second integrator means for generating a signal having an amplitude proportional to the duration of said second pulse signal, wherein the signals generated by said first and second integrator means are utilized in conjunction with the number of clock pulses counted to yield a precise measure of the time interval between said events. 2. Time interval measurement apparatus as defined in claim 1 further including means for combining a signal representative of said pulse count and the signals generated by said first and second integrator means to yield a measure of said time interval.

3. Apparatus for measuring the time interval between the occurrence of first and second events which comprises,

clock means for generating pulse signals at predetermined intervals, means responsive to signals representative of said first and second events for counting the number of clock pulses generated between the occurrence of said events, first flip-flop means for generating a first pulse signal representative of the interval between said first event and the first one of said clock pulses generated between said events,

first integrator means for generating a signal having an amplitude directly proportional to the duration of said first pulse signal,

means for delaying a signal representative of said second event for a predetermined interval,

means responsive to said second event signal and to said delayed signal for generating a first control signal,

means responsive to said first control signal and to said clock pulses for generating a second control signal,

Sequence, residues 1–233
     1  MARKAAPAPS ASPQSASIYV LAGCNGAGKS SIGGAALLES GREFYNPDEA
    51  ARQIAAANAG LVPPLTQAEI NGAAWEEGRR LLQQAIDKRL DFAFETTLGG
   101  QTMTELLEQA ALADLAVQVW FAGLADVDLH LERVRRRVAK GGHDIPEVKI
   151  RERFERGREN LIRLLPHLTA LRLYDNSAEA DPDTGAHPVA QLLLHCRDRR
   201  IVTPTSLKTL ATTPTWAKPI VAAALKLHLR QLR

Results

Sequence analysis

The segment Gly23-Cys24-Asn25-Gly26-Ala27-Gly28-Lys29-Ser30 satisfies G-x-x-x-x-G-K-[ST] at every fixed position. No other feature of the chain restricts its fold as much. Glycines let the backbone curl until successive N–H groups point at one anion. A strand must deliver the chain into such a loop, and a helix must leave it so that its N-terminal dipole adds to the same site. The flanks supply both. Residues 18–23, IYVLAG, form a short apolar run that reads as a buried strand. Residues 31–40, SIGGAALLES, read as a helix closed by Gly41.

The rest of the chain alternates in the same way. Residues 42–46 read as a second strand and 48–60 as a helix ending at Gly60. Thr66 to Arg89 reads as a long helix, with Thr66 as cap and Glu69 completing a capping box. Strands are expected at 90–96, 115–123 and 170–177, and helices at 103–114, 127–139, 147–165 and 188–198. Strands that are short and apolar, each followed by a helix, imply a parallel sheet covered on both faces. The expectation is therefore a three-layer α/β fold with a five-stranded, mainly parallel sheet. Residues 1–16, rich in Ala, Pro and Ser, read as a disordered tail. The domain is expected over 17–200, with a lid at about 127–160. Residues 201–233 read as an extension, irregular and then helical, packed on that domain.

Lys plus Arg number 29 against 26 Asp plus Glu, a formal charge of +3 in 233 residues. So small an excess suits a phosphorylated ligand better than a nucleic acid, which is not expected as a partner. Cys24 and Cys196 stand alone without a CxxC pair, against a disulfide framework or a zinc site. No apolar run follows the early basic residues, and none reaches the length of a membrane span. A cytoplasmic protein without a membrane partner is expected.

means responsive to said second control signal and said delayed signal for generating a second pulse signal representative of the interval between the last one of the clock pulses generated between said events and said second event signal, and

second integrator means for generating a signal having an amplitude directly proportional to the duration of said second pulse signal,

wherein the signals generated by said first and second integrator means are utilized in conjunction with the number of clock pulses counted to yield a precise measure of the time interval between said events.

4. Time interval measurement apparatus as defined in claim 3 further including means for combining a signal representative of the number of clock pulses counted and signals generated by said first and second integrator means to yield a measure of the time interval between said events.

Patent Citations
Cited PatentFiling datePublication dateApplicantTitle
US3541448 *May 7, 1968Nov 17, 1970Atomic Energy CommissionDigital time intervalometer with analogue vernier timing
US3553582 *Jan 19, 1968Jan 5, 1971Onera (Off Nat Aerospatiale)Method and apparatus for measuring a time interval
Referenced by
Citing PatentFiling datePublication dateApplicantTitle
US3889189 *Feb 21, 1974Jun 10, 1975Lode Tenny DDigital time measurement system
US3983481 *Aug 4, 1975Sep 28, 1976Ortec IncorporatedDigital intervalometer
US4392749 *Jul 10, 1981Jul 12, 1983The United States Of America As Represented By The Administrator Of The National Aeronautics And Space AdministrationInstrument for determining coincidence and elapse time between independent sources of random sequential events
US4439046 *Sep 7, 1982Mar 27, 1984Motorola Inc.Resolution circuit for a digital elapsed time measuring circuit
US4477902 *Jun 18, 1982Oct 16, 1984Ibm CorporationTesting method for assuring AC performance of high performance random logic designs using low speed tester
US5199008 *Mar 14, 1990Mar 30, 1993Southwest Research InstituteDevice for digitally measuring intervals of time
US5517109 *Jan 26, 1995May 14, 1996Thomson Consumer Electronics, Inc.Apparatus within an integrated circuit for automatically detecting a test mode of operation of the integrated circuit and selecting a test clock signal
EP0006804A1 *Jun 19, 1979Jan 9, 1980Lmt Radio ProfessionnellePrecision decoder for the first pulse of a pair of pulses
EP0436371A2 *Dec 21, 1990Jul 10, 1991Motorola, Inc.Antimetastable state circuit
Classifications
U.S. Classification368/119, 368/118, 968/846, 368/120
International ClassificationG04F10/04, G04F10/00
Cooperative ClassificationG04F10/04
European ClassificationG04F10/04